This is the first of my posts describing specific items that will become part of my “rule of life”–see July 15’s post for an introduction.
The spiritual practice that most caught my attention during the class, as both something I’m not currently doing (at least not very well) and something I’d really like to do, was a weekly observance of the Sabbath. I’m not just talking about going to church on Sunday–I already do that–or about not going into the office on weekends. Observing the Sabbath means choosing one day per week (it probably will be Sunday for me, but it doesn’t have to be for everyone) to rest in a deliberate manner.
I know; “rest in a deliberate manner” sounds like a contradiction in terms. But my point is that Sabbath rest is planned and zealously guarded. It’s not the same as crashing in front of the TV at the end of the day because you’re so tired from work. Sabbath rest will look very different for different people, but the common factors are that it happens every week (ideally on the same day every week, though I understand that this may not work for people with unpredictable work schedules), it lasts for an entire day (following the Jewish model, it could actually start on the previous evening), and it doesn’t get shoved to the side when life gets busy. An exceptionally busy person is in exceptionally great need of a Sabbath rest.
The idea of observing Sabbath comes from two biblical passages: the creation in Genesis 1-2, in which God works for six days and then rests on the seventh, and the Ten Commandments in Exodus 20, in which God commands his people to keep the seventh day “holy” (i.e., set apart; special). This command is elaborated on elsewhere in the Jewish law and clarified (never abolished) in the Christian New Testament. Even people who don’t accept Scripture as authoritative in their lives often understand from experience that a weekly day of rest is physically and mentally restorative–and not merely a luxury, but a necessity to function at full capacity.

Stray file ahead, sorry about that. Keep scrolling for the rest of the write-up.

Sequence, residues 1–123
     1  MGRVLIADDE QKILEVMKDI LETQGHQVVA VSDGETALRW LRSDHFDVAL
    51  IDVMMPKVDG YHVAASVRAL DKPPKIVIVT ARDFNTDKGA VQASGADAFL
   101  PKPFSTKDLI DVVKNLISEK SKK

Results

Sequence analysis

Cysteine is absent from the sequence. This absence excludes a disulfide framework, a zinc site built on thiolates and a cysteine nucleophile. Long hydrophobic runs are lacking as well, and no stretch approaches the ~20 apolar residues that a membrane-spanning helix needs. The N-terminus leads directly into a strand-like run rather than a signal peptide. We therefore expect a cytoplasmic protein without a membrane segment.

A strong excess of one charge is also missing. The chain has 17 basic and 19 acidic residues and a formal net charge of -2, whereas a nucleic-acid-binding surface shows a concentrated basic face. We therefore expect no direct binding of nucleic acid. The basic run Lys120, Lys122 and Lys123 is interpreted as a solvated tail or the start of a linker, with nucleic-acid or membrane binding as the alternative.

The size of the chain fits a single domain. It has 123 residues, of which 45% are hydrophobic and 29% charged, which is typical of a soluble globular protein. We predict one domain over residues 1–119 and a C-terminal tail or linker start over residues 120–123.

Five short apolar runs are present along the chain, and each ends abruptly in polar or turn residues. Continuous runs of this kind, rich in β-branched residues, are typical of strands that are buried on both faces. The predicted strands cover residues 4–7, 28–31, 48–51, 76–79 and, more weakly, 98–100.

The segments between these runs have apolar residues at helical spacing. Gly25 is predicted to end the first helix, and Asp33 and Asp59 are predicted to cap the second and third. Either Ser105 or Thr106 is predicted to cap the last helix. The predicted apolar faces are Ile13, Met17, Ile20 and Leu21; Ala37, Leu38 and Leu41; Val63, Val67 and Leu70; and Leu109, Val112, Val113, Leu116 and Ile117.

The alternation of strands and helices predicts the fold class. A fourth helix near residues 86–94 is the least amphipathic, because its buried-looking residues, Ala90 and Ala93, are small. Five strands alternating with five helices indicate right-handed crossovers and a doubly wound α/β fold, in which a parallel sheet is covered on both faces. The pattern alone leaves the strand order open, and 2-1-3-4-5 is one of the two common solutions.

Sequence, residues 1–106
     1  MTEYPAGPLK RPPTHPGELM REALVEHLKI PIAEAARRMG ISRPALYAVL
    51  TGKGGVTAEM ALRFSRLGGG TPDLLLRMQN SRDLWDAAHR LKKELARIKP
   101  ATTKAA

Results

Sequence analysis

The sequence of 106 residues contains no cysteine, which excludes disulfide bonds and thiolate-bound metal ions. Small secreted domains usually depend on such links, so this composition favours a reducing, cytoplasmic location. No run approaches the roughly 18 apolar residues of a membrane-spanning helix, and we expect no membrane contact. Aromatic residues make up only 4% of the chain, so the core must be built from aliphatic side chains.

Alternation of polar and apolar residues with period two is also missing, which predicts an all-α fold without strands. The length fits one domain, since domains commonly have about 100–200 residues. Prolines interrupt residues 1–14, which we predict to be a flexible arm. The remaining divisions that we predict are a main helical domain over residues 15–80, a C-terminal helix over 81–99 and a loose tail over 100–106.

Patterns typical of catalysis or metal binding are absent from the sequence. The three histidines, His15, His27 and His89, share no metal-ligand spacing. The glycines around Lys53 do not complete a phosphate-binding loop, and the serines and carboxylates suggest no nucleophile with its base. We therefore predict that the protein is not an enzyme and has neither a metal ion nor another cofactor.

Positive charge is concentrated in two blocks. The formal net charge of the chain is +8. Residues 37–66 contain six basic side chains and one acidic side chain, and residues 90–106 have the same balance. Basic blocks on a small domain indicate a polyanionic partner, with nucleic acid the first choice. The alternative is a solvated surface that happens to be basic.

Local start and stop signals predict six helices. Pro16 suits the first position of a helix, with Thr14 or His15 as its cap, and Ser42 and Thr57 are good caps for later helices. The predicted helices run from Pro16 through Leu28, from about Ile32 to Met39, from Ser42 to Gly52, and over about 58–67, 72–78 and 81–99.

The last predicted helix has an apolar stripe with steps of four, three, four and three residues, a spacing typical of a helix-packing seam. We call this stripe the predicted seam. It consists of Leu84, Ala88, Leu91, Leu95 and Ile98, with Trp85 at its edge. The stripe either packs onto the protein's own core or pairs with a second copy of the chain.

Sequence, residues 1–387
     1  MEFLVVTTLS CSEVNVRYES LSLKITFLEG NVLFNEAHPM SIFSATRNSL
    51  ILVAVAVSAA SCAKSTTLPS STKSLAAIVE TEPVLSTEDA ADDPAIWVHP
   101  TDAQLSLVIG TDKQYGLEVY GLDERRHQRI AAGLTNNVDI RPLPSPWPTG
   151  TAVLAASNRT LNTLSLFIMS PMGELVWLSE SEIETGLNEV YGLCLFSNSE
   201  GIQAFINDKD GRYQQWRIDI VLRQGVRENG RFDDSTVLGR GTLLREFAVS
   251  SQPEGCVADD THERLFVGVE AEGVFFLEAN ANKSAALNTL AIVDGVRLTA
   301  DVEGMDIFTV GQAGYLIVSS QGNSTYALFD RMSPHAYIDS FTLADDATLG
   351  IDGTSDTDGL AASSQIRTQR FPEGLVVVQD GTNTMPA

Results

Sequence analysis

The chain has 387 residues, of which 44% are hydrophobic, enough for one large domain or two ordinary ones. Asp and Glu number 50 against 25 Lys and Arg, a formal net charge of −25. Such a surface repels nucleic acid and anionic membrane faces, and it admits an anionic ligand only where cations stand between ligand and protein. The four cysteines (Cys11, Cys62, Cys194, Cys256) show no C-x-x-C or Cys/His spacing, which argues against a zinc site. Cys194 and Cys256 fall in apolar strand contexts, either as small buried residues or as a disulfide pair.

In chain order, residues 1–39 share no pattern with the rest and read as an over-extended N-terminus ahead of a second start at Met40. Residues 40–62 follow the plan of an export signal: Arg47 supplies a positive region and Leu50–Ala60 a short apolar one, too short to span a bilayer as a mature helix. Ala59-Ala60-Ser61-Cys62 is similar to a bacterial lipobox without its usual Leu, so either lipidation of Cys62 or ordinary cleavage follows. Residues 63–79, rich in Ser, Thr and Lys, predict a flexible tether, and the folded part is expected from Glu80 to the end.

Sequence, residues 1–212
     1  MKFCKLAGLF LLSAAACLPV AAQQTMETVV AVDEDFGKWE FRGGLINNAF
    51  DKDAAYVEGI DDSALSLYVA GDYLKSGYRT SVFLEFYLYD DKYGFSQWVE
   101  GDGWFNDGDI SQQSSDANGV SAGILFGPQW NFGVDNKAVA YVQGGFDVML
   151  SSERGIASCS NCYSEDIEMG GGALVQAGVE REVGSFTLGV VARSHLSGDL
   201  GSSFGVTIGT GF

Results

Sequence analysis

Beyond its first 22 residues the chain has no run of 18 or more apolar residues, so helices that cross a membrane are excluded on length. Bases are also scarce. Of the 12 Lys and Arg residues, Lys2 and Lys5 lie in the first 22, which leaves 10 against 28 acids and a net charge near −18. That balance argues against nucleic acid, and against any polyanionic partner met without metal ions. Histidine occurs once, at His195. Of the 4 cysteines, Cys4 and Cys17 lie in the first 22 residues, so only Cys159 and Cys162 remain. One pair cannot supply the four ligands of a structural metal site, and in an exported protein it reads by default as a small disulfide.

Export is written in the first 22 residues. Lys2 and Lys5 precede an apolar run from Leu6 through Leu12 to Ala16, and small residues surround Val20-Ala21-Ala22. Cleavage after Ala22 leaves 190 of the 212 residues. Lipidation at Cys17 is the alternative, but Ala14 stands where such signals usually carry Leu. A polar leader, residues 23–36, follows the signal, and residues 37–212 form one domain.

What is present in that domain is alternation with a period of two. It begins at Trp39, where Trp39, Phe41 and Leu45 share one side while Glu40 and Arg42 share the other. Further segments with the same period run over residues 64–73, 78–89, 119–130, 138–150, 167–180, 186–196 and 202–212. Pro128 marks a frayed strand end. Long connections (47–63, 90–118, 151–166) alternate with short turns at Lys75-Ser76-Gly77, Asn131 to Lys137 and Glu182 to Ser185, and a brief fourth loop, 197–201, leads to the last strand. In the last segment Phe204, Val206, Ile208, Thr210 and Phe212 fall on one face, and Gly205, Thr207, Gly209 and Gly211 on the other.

As I mentioned before, the actual observance of the Sabbath will look different for different people. This is the “Sabbath policy” (subject to revision) I plan to put into effect for myself beginning next Sunday:
- No checking email
- No job-related* work of any kind, including grading (This may motivate me to work more efficiently during the week!)
- Perform a short ceremony to mark the beginning and end of the Sabbath. This will usually be as simple as lighting a candle on Saturday evening and again on Sunday before I go to bed.
- Include other people in my Sabbath celebration whenever feasible. (Note: Solitude is a separate practice, which I’ll write about in a later post. I included this item because my tendency is to be a hermit on Sundays, but since I’m now treating Sunday as a little holiday, it makes sense to be with other people.)
- Increase the quality and (probably) quantity of the time I spend at church. (Important note: Some people have no need to do the second part of this and should probably spend less time at church–I’m talking about those people who get burned out serving in every ministry. But I’m not always mentally and spiritually “present” when I’m in church, and I tend to escape as soon as the service is over, so I’m challenging myself to enjoy my church–by that I primarily mean its people.)
I’m looking forward to implementing this first part of my rule of life. What about you? Let me know how you observe, or plan to start observing, a weekly Sabbath rest!
*For me, I think it’s okay to do work that has nothing to do with my career, like mowing my lawn or grocery shopping, although I’ll probably try to do those things on Saturday.